Regardless of the details, going through a divorce is tough for everyone involved. It is even harder when certain factors make the divorce more complicated, such as children or large debts or assets.
While asset and debt division could be done by the divorcing couple, it is generally advisable to hire a division of assets attorney. At Michael Doolittle P.C., one of our experienced family lawyers can help you with dividing your debts and assets during the divorce process.
Whether you want to keep what is rightfully yours, maintain peaceful relations, or ensure everything is split fairly, the attorneys at Michael Doolittle P.C. can help you secure the outcome you desire. Reaching an agreement is faster and easier with one of Boise’s most capable debt settlement agreement lawyers in your corner.
What Assets And Debts Can Be Divided During A Divorce In Boise, ID?
In Idaho, property is placed in two categories during a divorce: community property and separate property. Whether a debt, financial asset, or piece of property can be divided during a divorce depends on how the property is categorized.
Community property, also called marital property, is any financial asset, debt, or property that is shared. Community property covers debts and assets that were obtained while the couple was legally married. For example, any property that was purchased during the marriage would fall into this category. This type of property is split during the process of the divorce.
Separate property, or non-marital property, is anything that belonged to either party before the marriage, such as real estate that was already owned. It also includes any debts that either spouse incurred before they were married. Separate property may also cover certain gifts or inheritances.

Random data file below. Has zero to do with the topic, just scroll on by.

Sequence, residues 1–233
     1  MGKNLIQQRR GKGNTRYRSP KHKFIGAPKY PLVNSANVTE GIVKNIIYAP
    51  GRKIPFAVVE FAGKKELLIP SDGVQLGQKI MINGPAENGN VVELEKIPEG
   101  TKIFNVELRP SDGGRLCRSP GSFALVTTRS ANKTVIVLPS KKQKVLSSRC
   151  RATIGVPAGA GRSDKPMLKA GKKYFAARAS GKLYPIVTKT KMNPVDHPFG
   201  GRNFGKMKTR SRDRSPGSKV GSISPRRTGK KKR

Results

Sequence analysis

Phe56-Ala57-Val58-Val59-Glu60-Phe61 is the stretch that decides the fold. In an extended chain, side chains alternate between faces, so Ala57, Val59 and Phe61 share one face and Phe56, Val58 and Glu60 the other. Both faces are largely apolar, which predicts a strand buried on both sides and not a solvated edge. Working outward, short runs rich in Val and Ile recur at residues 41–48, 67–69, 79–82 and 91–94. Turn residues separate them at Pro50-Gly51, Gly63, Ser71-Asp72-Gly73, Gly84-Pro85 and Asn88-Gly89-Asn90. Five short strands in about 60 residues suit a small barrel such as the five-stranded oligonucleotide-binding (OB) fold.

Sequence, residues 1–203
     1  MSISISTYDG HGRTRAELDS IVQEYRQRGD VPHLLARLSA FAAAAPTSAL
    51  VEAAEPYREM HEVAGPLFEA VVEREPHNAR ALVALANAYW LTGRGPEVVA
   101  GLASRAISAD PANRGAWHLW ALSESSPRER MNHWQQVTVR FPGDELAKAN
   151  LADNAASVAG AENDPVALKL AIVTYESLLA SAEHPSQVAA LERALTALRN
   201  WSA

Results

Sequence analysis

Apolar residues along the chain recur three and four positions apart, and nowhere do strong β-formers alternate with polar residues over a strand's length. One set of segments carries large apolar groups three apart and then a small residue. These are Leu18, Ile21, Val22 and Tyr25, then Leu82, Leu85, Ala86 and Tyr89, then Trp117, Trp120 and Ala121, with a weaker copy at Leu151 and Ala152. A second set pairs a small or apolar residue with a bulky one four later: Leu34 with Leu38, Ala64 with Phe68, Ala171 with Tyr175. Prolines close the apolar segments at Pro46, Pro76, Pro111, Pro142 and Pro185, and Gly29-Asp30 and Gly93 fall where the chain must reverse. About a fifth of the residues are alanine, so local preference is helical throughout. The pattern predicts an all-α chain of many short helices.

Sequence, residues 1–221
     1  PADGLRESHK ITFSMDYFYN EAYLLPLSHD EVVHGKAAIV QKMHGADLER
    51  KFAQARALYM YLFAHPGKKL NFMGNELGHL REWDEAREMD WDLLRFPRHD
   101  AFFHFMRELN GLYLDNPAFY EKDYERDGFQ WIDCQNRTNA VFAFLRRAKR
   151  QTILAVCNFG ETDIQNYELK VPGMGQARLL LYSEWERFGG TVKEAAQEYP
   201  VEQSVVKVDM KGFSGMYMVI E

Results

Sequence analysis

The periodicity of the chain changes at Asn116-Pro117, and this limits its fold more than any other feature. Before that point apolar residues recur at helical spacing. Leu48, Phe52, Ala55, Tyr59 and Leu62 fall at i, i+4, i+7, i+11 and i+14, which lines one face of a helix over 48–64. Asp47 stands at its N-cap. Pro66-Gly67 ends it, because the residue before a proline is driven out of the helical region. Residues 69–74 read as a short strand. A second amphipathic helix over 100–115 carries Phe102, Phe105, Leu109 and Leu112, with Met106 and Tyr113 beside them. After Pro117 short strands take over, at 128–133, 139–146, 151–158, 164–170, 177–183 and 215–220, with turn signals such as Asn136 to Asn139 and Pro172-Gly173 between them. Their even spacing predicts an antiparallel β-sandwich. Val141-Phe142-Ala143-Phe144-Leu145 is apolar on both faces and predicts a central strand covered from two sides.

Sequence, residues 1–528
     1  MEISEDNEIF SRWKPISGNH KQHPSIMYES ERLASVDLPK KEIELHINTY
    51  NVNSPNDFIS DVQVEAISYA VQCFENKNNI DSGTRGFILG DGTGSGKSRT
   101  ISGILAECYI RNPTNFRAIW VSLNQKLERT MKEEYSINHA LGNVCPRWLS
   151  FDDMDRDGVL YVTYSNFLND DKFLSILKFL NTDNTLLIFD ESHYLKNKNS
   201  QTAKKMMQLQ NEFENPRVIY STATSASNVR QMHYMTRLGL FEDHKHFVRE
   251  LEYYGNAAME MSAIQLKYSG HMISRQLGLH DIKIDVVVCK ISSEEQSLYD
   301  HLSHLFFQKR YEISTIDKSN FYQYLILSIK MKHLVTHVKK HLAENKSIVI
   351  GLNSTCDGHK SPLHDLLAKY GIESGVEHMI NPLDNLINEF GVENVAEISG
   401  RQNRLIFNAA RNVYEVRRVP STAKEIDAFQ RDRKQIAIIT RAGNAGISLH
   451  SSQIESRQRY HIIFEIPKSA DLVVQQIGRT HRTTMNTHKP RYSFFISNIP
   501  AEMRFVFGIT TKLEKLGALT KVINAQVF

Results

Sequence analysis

Usually, separate property is not divided during a divorce. However, there are exceptions with specific circumstances, such a prenuptial agreement or spousal misconduct. This means that assets, debts, and property that were yours before your marriage will stay with you after the dissolution of your marriage.
The Deciding Factor: Who Decides What Each Party Receives In A Divorce?
In general, it is the divorcing couple that decides how their property and debts will be divided. However, their decisions are subject to state laws, as well as a judge’s approval.
When deciding on property division, the court will usually approve an equal and fair distribution of the assets. In many cases, this means that each party receives half of the shared debts and assets. In other instances, the judge may determine that a fair division allows one party to receive more than half.
Many factors are considered during this decision to determine how the shared property should be distributed. For example, the judge may take into account:
- The income and occupation of each party
- Whether one party owns more separate assets or property
- Child custody and care
- Whether the marriage affected either party’s earning ability (e.g., the couple decided that one spouse would quit the workforce to care for their children full time)
- And more…
While property division might ultimately be up to the courts, if the divorcing couple comes to a mutual agreement about asset and debt division, it is often approved by the judge. A division of assets attorney can provide the resources and legal counsel to help the parties reach a mutually beneficial agreement.
Get Peaceful Property Division Solutions From Michael Doolittle, P.C.
The division of property can be confusing and stressful, especially when you are already burdened by an impending divorce. A division of assets and debts lawyer can help you understand your property rights and how your debts and assets may be divided.
Attorney Michael Doolittle is also a skilled mediator with the ability to help divorcing couples peacefully negotiate the terms of their divorce. If you need assistance with asset and debt division, our debt settlement agreement lawyers can provide you with solutions. Call our Boise, ID, debt lawyers today at (208) 703-0124 to get legal counsel on debt and asset division.